Sunday, November 7, 2010, 3 PM. “The Radicalization of Margaret Fuller” at Arlington Street Church, Boston. “'Clouded by Secret Sin': Margaret Fuller and the Darker Side of Woman in the Nineteenth Century;” with John Matteson, Professor of English at John Jay College of Criminal Justice, CUNY, and Pulitzer Prize winning author of Eden's Outcasts: The Story of Louisa May Alcott and Her Father; “Margaret Fuller and 1848: Forging a United Radical Tradition” with Daniel McKanan, Ralph Waldo Emerson Unitarian Universalist Association Senior Lecturer in Divinity at Harvard Divinity School and author of a forthcoming 200 year history of religion and radical politics in the United States, which includes Margaret Fuller’s friendship with Italian revolutionary Giuseppe Mazzini; Rev. Kim Crawford Harvie, Moderator. Co-sponsored by Arlington Street Church.

Wednesday, December 8, 2010, 12 Noon. “‘My own path leads a different course’: Margaret Fuller and her Boston Conversations” at the Boston Athenaeum, with Megan Marshall, Assistant Professor at Emerson College, and author of The Peabody Sisters: Three Women Who Ignited American Romanticism.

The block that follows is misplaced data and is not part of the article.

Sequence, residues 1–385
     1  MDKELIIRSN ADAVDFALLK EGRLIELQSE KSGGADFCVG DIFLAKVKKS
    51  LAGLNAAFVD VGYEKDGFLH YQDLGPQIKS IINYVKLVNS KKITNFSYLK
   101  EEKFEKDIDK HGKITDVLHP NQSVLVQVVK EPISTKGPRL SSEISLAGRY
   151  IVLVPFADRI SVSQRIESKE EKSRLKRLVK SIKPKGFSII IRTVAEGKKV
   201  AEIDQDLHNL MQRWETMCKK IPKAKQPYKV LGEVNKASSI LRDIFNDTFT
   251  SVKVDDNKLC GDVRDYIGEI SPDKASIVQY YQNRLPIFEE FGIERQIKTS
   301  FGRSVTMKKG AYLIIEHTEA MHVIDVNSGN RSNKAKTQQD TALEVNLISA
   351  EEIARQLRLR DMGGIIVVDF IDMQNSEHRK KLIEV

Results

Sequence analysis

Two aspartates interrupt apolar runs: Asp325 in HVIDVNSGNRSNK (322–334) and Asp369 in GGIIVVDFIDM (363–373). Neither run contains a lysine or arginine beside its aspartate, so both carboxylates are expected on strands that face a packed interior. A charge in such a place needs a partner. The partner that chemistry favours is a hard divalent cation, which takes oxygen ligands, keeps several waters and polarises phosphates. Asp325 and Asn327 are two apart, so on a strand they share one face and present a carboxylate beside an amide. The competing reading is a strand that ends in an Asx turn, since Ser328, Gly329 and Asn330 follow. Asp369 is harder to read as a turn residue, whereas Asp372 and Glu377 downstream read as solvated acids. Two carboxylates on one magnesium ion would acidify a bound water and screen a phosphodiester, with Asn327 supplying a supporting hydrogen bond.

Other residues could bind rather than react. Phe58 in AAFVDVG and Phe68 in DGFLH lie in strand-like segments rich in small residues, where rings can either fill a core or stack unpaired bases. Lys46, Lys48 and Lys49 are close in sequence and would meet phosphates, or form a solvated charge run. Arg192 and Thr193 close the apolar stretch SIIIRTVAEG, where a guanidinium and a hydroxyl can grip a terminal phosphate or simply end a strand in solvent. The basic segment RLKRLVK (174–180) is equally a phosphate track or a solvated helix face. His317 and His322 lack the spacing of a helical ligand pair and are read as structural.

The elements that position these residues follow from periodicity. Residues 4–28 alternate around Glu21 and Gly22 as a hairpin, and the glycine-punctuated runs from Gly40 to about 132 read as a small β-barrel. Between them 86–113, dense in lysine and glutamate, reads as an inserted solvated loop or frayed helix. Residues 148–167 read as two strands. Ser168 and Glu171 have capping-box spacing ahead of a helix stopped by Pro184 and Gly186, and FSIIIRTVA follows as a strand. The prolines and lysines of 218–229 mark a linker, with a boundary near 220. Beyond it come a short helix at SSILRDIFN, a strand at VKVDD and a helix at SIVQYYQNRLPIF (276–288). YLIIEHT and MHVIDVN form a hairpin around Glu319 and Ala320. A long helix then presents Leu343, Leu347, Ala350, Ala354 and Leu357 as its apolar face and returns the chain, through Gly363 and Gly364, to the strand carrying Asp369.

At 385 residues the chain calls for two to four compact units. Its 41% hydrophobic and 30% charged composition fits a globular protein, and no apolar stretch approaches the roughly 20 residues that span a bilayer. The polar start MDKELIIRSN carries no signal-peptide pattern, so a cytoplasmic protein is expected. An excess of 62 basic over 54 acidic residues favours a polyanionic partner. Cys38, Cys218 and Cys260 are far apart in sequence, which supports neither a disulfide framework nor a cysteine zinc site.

Co-sponsored by the Boston Athenaeum.

Wednesday, May 25, 2011, 6 PM. “What Margaret Fuller Did for Feminism” at Max & Dylan’s Restaurant, 13 West Street, Boston, former site of the Peabody Book Room where Fuller held her Conversations. Keynote speaker is Phyllis Cole, Professor at Penn State, Brandywine, and author of Mary Moody Emerson and the Origins of Transcendentalism. Opening remarks by Megan Marshall, Assistant Professor at Emerson College, with an appearance by Jessa Piaia portraying Margaret Fuller, a slide show by Lynn Hyde “Preservation of the Peabody Book Room,” and a review of the 18-month Bicentennial by Dorothy Emerson. Dinner tickets, $50.

 

Last Updated (Friday, 22 July 2011 17:03)

 

Margaret Fuller: A New American LifeMegan Marshall’s much-awaited biography of Margaret Fuller is here!

Advance reviewers have already praised Margaret Fuller: A New American Life as “a magnificent biography,” “spectacularly detailed” and written with a “unique intimacy.”  Emerson’s biographer Robert D. Richardson writes, “this is the book Margaret Fuller would have wanted.”

Marshall tells the story of Fuller’s rise to prominence among the Transcendentalists, her vexed relationship with Ralph Waldo Emerson, the flowering of her feminism in New England and her departure for New York to write for Horace Greeley’s Tribune “at home and abroad,” leading to her love affair with Giovanni Ossoli—all with fresh insight and uncommon pathos. Synthesizing the scholarship of recent decades and drawing on her own research finds—a new record of Fuller’s famous Conversations for women, an Emerson letter describing Thoreau’s findings at the site of the fatal shipwreck, an engraving of Rome belonging to Fuller that survived the wreck—Marshall brings our great American heroine to new and vivid life.  If you loved The Peabody Sisters, Marshall’s first award-winning biography, you will love Margaret Fuller.